Richard Florida: Mayors Should Take a Stand Against a Future Amazon HQ2: It’s time for America’s big cities and mayors to stand up to companies like Amazon: These bidding wars place cities and states in an unenviable prisoners’ dilemma...I am all for ending incentive insanity...mayors need to step up and agree to end these corporate subsidies on their own...the “competition” is over, and it is plain to see that Amazon gamed them...It’s time to hold mayors accountable...and make them forge an agreement to end or limit extreme incentives...handing out huge sums of corporate welfare to large companies and billionaires can be, and should be, a career ender. Let’s hope the experience of serving as such easy marks in the HQ2 game will be a much-needed wake-up call...- CityLab (formerly The Atlantic Cities)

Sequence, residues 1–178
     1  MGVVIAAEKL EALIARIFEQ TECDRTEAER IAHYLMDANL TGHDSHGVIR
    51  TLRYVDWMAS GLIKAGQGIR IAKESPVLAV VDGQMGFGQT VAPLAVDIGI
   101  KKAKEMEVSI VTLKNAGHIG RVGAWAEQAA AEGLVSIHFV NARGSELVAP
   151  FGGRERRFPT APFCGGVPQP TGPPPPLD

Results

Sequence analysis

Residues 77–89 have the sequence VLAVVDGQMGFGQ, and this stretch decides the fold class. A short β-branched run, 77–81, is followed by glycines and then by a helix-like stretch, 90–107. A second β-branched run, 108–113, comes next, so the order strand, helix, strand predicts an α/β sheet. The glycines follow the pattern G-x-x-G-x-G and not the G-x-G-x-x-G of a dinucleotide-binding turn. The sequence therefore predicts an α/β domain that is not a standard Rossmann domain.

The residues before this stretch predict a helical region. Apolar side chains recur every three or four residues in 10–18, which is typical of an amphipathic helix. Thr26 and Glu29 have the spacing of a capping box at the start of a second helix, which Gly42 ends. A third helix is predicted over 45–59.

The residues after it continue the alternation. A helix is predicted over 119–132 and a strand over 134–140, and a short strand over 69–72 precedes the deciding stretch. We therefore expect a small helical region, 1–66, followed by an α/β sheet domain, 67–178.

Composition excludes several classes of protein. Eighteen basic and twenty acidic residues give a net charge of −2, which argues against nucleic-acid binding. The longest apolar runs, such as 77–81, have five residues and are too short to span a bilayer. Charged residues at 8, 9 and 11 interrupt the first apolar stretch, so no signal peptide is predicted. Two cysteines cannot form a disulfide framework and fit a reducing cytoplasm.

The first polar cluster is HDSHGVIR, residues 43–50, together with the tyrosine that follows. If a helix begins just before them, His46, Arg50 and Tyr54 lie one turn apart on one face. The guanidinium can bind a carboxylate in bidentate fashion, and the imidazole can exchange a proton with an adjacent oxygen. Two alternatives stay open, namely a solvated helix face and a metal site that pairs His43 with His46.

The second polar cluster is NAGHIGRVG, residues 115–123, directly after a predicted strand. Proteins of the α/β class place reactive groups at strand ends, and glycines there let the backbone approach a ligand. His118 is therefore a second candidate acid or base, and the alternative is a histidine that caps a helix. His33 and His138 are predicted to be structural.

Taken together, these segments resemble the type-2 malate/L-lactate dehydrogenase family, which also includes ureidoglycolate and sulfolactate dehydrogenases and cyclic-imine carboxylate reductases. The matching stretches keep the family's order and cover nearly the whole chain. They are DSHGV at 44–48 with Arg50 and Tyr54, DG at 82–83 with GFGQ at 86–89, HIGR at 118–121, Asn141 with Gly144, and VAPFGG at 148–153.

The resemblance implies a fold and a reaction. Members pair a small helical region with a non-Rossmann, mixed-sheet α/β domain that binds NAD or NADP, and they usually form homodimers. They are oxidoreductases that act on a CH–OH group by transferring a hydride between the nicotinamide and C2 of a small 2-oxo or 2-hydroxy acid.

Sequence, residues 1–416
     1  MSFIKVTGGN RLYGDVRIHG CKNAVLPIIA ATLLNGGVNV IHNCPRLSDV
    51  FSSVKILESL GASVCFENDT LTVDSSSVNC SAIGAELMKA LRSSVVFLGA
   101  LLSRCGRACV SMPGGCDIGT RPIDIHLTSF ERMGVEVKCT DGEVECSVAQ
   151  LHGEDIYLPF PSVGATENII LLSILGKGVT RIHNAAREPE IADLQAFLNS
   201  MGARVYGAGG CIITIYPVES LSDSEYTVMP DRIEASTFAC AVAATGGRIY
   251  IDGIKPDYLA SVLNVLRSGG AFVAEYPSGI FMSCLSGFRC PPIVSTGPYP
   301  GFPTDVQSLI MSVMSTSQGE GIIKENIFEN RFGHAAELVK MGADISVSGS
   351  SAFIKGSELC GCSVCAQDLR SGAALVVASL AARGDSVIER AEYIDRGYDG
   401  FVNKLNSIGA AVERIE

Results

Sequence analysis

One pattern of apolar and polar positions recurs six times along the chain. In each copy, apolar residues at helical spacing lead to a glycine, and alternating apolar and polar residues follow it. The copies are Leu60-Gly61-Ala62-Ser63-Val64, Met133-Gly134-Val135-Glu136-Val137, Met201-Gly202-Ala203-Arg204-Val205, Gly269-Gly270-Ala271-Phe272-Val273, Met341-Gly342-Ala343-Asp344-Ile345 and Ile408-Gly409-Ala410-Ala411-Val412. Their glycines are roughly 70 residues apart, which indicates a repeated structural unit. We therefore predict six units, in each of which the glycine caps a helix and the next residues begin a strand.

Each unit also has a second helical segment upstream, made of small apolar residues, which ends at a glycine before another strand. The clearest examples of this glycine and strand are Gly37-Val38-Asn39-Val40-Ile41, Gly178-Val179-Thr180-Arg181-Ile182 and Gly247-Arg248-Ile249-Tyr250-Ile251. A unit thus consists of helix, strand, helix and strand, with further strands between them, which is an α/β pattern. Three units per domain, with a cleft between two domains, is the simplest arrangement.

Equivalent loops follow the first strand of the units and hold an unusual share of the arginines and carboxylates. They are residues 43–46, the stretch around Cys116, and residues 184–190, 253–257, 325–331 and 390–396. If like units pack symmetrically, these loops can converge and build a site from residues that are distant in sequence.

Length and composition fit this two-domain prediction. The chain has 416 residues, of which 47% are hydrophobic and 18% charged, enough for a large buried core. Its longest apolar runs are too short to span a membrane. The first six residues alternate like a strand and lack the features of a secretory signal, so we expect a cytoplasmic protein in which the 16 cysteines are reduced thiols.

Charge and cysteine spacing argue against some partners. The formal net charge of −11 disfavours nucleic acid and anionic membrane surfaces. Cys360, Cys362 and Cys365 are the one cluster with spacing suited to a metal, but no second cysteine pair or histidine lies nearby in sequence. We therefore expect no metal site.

Ilya Somin: Minneapolis Strikes a Blow for Affordable Housing by Slashing Zoning Restrictions: Zoning rules that severely restrict home construction cut off millions of poor people from jobs and affordable housing. The Minneapolis reform is the most extensive reduction in zoning achieved by any major American city in a long time: ...most reform efforts have been stymied by a combination of public ignorance, interest group pressure, and NIMBYism...Minneapolis 2040 is a welcome break from this sad state of affairs...Policy experts and other reform advocates would do well to study the effort to see if it contains any insights on how to achieve similar progress elsewhere.- Reason Magazine